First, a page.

U.Va. President To Hear Student Researchers’ Presentations April 29

April 16, 2013

Graduate and undergraduate researchers at the University of Virginia will have the opportunity to present their findings to President Teresa A. Sullivan in a competition to be held April 29 in Newcomb Hall.

Forty-two research projects have been selected to participate in the Presidential Poster Competition, vying for research travel money. Presentations are scheduled to start at 2 p.m., with Sullivan arriving at 4 p.m. to listen to the researchers and present the ribbons.

The research spans a wide range of disciplines and topics, including “Building New Prosperity in the Coalfields,” “Metabolic Imaging: A Novel Diagnostic Strategy for Hypertensive Heart, From Mouse to Man,” “The Artistic Re-Opening of Holocaust Trials,” “Pig Model of Left Ventricular Remodeling After Myocardial Infarction,” and “A Chandra X-Ray Observation of the Galaxy Cluster Abell 3653: The Origin of Rapidly Moving BCG Galaxies.”

From these finalists, 14 winners will be selected – one undergraduate and one graduate student in each of seven categories encompassing physical and environmental sciences; engineering; bioscience and health; humanities, social and behavioral and economic sciences; law, business, policy and education; translational and applied research; and performing and fine arts and architecture. The winners will receive $500 in travel funds to help them with their research.

“Every student’s experience at U.Va. is deepened, broadened and enriched by the research that lies on their personal journey,” said Thomas C. Skalak, vice president for research. “Research is an element of the creative arts, analytical inquiry in sciences, economics or commerce, engineering a new technological prototype or writing about the history of Asia or America. There is no human endeavor that is untouched by the value of research – and students reap this value as they progress through life in every profession and avocation. “

Judges determined the finalists by examining research entries on the basis of quality of inquiry, performance, design, outcomes, potential impact on society, advance in knowledge, innovation, creativity, risk-taking, exploration at frontiers and collaborations with internal and external partners. The judges at the competition will use the same criteria, plus the in-person presentation, to determine the final winners.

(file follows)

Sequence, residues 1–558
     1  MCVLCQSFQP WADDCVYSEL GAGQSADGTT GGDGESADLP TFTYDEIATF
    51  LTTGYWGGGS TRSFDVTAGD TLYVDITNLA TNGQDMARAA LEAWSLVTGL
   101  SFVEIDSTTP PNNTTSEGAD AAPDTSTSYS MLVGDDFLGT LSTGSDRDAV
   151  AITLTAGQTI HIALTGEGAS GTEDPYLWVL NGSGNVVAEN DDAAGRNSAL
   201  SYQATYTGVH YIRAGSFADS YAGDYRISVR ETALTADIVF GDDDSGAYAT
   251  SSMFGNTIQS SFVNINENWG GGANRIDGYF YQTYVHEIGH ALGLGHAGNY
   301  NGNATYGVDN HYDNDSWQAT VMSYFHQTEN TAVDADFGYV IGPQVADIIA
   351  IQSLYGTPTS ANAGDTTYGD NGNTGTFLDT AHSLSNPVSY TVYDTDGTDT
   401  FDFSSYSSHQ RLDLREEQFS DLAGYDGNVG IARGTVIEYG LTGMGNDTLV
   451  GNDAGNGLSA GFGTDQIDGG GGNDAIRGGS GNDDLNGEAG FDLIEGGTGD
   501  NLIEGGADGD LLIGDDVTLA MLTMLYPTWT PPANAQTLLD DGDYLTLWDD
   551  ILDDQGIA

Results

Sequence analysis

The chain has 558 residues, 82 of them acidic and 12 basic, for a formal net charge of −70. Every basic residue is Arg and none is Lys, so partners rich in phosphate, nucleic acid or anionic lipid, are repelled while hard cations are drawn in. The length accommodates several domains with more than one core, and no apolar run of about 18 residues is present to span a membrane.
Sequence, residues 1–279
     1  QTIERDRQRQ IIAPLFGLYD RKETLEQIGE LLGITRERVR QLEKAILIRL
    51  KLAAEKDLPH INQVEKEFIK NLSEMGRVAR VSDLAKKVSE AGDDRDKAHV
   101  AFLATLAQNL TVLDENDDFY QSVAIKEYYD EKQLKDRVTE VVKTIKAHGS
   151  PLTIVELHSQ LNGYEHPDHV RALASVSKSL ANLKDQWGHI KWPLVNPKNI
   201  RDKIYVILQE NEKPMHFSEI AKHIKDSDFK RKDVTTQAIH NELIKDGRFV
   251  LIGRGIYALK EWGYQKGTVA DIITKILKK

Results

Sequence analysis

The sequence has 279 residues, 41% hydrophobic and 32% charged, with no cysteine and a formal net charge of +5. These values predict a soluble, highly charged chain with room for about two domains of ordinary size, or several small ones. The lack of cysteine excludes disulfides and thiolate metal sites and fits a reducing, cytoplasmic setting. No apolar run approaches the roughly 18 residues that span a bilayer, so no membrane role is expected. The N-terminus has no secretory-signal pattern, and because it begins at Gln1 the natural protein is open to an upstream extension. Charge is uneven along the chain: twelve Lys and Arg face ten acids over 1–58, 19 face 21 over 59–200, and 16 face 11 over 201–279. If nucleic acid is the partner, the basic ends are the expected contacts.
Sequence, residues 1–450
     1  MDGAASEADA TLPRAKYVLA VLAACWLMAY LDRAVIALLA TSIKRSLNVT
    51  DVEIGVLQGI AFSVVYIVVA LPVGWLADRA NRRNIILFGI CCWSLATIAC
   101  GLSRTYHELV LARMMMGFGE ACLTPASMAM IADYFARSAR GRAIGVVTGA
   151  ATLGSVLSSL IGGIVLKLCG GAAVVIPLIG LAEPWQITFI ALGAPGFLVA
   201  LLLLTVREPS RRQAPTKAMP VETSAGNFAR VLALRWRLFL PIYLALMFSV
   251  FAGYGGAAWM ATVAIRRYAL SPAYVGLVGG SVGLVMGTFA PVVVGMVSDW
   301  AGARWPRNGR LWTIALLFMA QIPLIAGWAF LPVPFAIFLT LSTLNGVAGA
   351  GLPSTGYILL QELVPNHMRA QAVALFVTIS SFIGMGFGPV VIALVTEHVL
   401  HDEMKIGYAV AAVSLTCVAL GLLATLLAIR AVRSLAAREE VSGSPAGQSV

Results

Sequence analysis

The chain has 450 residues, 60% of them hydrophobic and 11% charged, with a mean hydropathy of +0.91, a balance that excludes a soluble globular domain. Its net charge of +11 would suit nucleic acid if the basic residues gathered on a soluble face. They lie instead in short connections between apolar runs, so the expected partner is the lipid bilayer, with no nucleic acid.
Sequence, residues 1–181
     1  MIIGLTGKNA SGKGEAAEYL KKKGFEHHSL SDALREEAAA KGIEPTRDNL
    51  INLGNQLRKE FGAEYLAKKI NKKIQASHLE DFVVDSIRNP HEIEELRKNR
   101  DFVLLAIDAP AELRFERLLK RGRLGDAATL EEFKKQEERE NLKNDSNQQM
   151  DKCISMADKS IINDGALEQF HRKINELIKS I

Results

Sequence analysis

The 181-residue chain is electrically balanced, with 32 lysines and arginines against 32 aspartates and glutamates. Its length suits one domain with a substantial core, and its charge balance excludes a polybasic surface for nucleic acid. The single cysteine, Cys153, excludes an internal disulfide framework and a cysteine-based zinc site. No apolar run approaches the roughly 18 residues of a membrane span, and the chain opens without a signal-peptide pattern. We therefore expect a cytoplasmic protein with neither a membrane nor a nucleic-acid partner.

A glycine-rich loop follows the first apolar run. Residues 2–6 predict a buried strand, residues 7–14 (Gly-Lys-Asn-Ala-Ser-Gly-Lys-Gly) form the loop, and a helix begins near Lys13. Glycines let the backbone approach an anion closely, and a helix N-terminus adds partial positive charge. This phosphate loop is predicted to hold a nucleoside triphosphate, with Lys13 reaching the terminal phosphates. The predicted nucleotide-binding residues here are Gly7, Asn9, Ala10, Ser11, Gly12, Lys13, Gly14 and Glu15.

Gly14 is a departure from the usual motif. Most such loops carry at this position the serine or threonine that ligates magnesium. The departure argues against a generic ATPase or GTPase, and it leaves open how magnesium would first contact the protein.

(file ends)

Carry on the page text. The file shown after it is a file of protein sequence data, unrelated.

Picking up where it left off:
Sullivan will hear a brief presentation from the contestants and will then award a blue ribbon to the winner of each category, based on the judges’ determination.

The judges for the competition are: Silvia Blemker, associate professor of biomedical engineering in the School of Engineering and Applied Science; Catherine Bradshaw, a professor in the Curry School of Education; Kathy Carr, a faculty member in the McIntire Department of Music in the College of Arts & Sciences; School of Law professor Jonathan Z. Cannon; Anselmo Canfora, an associate professor in the School of Architecture; Lisa Colosi, an assistant professor of civil and environmental engineering in the Engineering School; Cristina Della Coletta, associate dean for the arts and humanities and a professor in the College’s Department for Spanish, Italian, and Portuguese ; Erik Hewlett, a professor in the Department of Medicine, Infectious Diseases in the School of Medicine; Archie Holmes, an electrical and computer engineering professor in the Engineering School; Rick Horwitz, a cell biology professor in the School of Medicine; Kim Kelly, an associate professor of biomedical engineering in the School of Medicine; James Landers, a chemistry professor in the College; Karen McGlathery, an environmental sciences professor in the College; Pam Pecchio, an assistant professor of art in the College; Shayn Peirce-Cottler, an assistant professor of biomedical engineering in the School of Medicine; William A. Petri Jr., chief of the Division of Infectious Diseases and International Health, Department of Medicine, Infectious Diseases, in the School of Medicine; Joe Poon, William Barton Rogers Professor of Physics and chair of the Department of Physics in the College; Kodi Ravichandran, a professor in the Department of Microbiology, Immunology, and Cancer Biology in the School of Medicine; Thomas C.  Skalak, vice president for research; Phil Trella, assistant vice president for graduate studies in the Office of the Vice President for Research; and Gweneth West, a drama professor in the College.

The competition, sponsored by Sullivan’s office, is designed to recognize research as a central part of U.Va.’s mission.

During Sullivan’s 2011 inauguration, a Pan-University Research/Scholarship Poster Competition was held to highlight high-impact and innovative areas of U.Va. research. Citing its popularity, the president’s office has established the competition as an annual event. It is free and open to the public.

“The Presidential Research Poster Competition celebrates the universal involvement of our students in research, and its centrality to their personal growth,” Skalak said. “Our students are producing significant new insights every day and we are proud to recognize them. Research threads in the U.Va. student experience intertwine with classroom learning and faculty mentoring to produce a strong and eternal ‘golden braid’ – fashioned from real experience and the habit of learning by doing.”

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Matt Kelly

University News Associate Office of University Communications